Remember that a thought is maintained in yoga poses the unconscious because if it rose to consciousness it could to generate a general dysfunction of conscious dynamics. This implies that above all we must carry out work that permits consciousness to acquire the capacity to integrate the repressed drives. Character analysis is one way to make this integration possible. Reich begins by asking the patient to talk about his symptom (sexual impotence) and associate his need to be polite (the most manifest defense for the therapist and the patient). Gradually, the patient speaks of his past awkwardness and the mockery he suffered due to his clumsy way of criticizing the various forms of authority that surrounded him (the school, the church, morality, etc. ). These associations explain next to nothing. There is a danger to believe that to bring the cause of the seventh layer to the light of day is enough to explain the patient’s neurosis. Nonetheless, the analysis of this first layer will allow the patient to have a bit more energy. He gives himself the right to be critical; he learns to better experience and appreciate who he is. For most psychoanalysts, this result only brings transitory benefits if it is not consolidated by the analysis of the other layers. However, many psychotherapists are content with a positive result of this type. The idea is that the patient will be able to follow a more profound treatment once he has appreciated the momentary benefits of this first layer. The advantage of this approach is that the therapist abandons the belief that it is possible and desirable to understand all the details of a patient’s mental and affective life. The patient can be content to analyze only those layers that prevent him from having a relatively pleasant life. This result is often preferable to an interminable analysis. I have had many patients who came to see me several times in yoga poses their lives. What had hitherto been analyzed had been integrated into the life of the patient, and he was then ready to explore a new aspect of his personality: one that is particularly relevant to his life at the time of seeking me out.
Character analysis began with the analysis of individual processes. It was used to discover what had been put in yoga poses place in yoga poses the course of an individual’s development. It then became possible to detect similar character traits that often require similar forms of intervention. The treatment can then be carried out more quickly, because the therapist will no longer be obliged to feel his way along when he encounters a certain type of character structure.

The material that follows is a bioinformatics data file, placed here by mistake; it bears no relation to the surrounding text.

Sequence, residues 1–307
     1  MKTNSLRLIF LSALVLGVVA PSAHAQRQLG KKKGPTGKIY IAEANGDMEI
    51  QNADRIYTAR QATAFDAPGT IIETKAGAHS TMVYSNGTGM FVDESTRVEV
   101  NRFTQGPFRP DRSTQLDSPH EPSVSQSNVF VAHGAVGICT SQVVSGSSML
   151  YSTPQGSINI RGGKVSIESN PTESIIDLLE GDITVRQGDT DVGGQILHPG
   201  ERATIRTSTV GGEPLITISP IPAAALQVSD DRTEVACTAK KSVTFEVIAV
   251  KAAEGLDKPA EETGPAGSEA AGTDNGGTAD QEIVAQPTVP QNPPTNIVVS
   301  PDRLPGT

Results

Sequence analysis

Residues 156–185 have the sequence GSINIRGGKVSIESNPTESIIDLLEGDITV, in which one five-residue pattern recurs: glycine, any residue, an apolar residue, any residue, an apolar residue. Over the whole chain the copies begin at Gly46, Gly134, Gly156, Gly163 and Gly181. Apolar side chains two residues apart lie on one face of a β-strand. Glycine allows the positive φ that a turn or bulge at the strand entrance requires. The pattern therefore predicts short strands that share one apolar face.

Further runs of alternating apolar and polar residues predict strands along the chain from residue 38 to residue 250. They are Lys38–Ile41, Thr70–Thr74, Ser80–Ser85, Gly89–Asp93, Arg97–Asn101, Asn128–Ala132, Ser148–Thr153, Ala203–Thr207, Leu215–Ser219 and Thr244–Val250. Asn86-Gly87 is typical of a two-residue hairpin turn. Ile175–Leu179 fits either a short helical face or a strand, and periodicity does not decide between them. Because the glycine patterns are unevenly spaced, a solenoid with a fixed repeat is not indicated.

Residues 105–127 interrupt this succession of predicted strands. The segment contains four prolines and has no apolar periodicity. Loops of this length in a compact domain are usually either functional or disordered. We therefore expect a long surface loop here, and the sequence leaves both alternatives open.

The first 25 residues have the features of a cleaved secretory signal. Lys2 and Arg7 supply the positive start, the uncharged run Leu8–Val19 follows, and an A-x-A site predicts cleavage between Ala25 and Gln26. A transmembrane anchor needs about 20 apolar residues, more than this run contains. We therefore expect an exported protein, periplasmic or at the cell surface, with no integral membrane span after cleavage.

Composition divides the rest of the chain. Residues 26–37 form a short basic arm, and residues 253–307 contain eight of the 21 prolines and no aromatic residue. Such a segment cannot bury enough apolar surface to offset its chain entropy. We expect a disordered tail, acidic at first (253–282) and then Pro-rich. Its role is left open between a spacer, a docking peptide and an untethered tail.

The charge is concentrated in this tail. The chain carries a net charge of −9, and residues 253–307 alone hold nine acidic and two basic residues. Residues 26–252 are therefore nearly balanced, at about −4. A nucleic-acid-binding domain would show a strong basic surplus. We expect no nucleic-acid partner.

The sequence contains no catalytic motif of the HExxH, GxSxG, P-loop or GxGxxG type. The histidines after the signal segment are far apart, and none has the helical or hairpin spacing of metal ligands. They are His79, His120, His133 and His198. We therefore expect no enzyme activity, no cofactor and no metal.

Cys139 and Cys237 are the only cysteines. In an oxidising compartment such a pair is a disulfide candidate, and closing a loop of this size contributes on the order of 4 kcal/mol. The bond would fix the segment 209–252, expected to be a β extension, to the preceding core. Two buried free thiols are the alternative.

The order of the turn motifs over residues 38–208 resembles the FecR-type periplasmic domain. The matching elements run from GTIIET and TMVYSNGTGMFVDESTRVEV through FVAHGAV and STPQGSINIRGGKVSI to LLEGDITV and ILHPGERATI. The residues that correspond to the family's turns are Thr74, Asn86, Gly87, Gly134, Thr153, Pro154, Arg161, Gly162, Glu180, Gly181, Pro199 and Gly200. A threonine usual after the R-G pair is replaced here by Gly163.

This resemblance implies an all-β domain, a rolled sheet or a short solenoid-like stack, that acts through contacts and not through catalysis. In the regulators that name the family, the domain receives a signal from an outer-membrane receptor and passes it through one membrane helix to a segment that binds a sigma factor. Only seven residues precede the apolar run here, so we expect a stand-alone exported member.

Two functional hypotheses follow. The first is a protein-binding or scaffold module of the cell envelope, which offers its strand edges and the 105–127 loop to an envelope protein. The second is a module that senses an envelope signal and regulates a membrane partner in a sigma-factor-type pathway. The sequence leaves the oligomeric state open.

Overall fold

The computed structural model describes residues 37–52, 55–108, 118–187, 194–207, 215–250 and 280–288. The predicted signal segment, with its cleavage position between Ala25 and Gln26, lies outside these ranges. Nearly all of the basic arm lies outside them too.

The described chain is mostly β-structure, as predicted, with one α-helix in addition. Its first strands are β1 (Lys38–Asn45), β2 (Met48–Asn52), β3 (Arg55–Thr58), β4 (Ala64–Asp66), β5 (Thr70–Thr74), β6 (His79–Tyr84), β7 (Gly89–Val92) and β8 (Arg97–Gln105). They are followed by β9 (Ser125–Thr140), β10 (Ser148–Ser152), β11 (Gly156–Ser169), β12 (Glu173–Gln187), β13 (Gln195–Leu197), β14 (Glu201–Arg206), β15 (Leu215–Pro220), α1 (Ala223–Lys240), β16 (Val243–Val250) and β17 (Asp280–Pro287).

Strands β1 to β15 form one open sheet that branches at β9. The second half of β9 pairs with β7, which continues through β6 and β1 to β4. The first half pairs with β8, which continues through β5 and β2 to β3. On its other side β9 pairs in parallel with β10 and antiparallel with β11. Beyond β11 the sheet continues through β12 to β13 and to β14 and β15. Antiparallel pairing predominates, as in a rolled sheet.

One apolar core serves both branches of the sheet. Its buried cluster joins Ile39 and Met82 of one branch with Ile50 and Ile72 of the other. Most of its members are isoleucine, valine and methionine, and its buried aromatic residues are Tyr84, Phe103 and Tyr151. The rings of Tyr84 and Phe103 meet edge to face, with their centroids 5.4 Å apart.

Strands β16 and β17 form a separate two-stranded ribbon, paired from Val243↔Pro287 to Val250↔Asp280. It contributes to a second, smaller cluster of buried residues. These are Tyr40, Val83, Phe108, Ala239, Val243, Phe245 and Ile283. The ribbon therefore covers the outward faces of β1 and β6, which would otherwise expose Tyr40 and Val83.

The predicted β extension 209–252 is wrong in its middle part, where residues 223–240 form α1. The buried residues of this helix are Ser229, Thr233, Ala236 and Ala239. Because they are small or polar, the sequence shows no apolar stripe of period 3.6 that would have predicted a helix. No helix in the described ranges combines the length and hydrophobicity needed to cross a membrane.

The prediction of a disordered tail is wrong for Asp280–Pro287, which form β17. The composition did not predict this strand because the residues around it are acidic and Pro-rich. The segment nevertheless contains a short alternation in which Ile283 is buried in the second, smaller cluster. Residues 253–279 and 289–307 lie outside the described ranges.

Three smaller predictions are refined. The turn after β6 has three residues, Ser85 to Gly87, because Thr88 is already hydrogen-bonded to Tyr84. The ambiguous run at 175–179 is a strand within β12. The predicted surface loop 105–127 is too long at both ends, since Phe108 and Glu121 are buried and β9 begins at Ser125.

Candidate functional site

Each layer of a character constitutes a sort of module that forms “a character trait. ? The same character trait can be found in yoga poses several character structures but may fulfill, in yoga poses each case, a different set of functions. 121 We again find ourselves in yoga poses a rough sketch of a systemic model where an element potentiates itself differently in yoga poses function of the construction that contains it. The characters that Reich identifies are the following: compulsive, impulsive, hysteric, masochistic, obsessive, passive-feminine, phallic-narcissistic, rigid, and schizoid. This list is not presented as exhaustive. It represents Reich’s clientele. Terms like oral, anal, genital, are henceforth a characteristic of certain character traits.
Character and Psychoanalysis. The attempt to define global configurations of behavior and their underlying dynamics was a clinical research that gradually imposed itself on many analysts when the clients became more numerous and consequently more varied. When the psychoanalysts met with each other, they had a sufficient number of cases to attempt to group some of them together and develop strategies in yoga poses function of these groupings. The first proposition was put forth by Freud around the sexual stages (oral, anal, phallic, and genital). Abraham (1925) had already proposed another characterological system based on different forms of organization of secondary drives.
In the clinics of Berlin and Vienna, Franz Alexander (1923) and Wilhelm Reich (1927a) used the notion of character to describe the personality of the young people at odds with the norms and the laws, antisocial, sometimes violent against others as well as against themselves. Reich categorized these patients as impulsive characters. 122 This work does not concern this textmy yoga blog; it is noteworthy to the extent that it will serve as a basis (probably through the intermediary of Annie Reich) for Otto Friedmann Kernberg’s (1984) notion of “borderline personality organization. ? Alexander and Reich draw inspiration from the works of Viennese pedagogue and social worker August Aichhorn (1925) who worked with this type of youth. Aichhorn recommended for them an active method of psychotherapy particularly adapted to their problems: one that could contain them, correspond to them, and protect them. The character analysis of “impulsive characters” inspired Reich to pursue methods much more active than Ferenczi had imagined.